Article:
Washington University Journal of Law & Policy
Although veterans treatment courts themselves are a recent and developing innovation, veteran status and its intersection with criminal sentencing considerations has an increasingly substantial legal basis to draw on. Prior to the expansion of problem-solving courts to reach veterans, many state-level trial court judges already considered military service-related disorders as potential mitigating factors. More recently, several states have either passed or proposed legislation designating veteran or active military status as a statutory mitigating factor, and current federal sentencing guidelines follow a 2009 Supreme Court decision affirming the proper role of a defendant’s military history in the penalty phase. Given the weight of political and legal decisions supporting veteran status as a mitigating factor in criminal cases, veterans treatment courts might ultimately demonstrate the advantages of treatment as an alternative to incarceration.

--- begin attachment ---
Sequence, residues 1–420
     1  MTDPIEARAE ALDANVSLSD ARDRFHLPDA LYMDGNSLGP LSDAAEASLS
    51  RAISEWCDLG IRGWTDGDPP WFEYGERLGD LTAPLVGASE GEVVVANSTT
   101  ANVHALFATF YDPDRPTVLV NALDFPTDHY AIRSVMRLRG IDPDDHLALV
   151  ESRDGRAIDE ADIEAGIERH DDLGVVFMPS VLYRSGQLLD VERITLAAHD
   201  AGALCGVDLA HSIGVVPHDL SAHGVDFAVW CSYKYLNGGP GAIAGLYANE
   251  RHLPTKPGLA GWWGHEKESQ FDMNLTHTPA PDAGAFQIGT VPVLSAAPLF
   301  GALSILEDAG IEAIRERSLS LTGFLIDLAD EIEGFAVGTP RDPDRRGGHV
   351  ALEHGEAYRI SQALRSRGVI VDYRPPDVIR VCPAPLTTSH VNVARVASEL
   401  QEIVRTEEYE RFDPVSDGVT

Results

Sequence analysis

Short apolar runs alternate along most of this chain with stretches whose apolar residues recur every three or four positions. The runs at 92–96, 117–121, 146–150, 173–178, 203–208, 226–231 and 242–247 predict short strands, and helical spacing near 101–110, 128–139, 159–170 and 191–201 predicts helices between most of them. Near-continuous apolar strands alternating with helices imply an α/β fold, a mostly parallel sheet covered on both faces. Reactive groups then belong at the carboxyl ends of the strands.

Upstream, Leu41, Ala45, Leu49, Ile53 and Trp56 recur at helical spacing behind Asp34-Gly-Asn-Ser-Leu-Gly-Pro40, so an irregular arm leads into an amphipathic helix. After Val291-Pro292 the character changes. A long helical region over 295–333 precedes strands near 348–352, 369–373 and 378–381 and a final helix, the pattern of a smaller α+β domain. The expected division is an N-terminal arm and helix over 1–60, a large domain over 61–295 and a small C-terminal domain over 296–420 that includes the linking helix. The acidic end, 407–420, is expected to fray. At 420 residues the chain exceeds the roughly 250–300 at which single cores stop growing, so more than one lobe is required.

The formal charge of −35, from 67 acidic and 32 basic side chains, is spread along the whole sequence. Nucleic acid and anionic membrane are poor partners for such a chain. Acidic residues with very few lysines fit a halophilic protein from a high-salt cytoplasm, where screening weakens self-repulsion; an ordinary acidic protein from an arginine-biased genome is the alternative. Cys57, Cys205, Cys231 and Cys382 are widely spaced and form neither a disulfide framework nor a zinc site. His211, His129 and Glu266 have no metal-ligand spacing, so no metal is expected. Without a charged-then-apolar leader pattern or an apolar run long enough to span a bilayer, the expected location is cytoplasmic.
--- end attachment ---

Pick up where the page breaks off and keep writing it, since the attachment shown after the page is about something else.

Part II of this Note examines the origins and current operations of veterans treatment courts, and outlines the policy arguments articulated in their favor and the legal concerns raised by critics. Part III discusses the treatment of veteran status in sentencing outside of the specialty court context, highlighting statutory and non-statutory state sentencing guidelines and the recent federal response to military service-related crime. Part IV provides an analysis of the propriety of the veterans court model in light of the current state of the law outlined in Part III, and proposes a path forward for veterans courts, taking both legal sources of support and public criticism into consideration.
Allison E. Jones,
Veterans Treatment Courts: Do Status-Based Problem-Solving Courts Create an Improper Privileged Class of Criminal Defendants?,
Wash. U. J. L. & Pol’y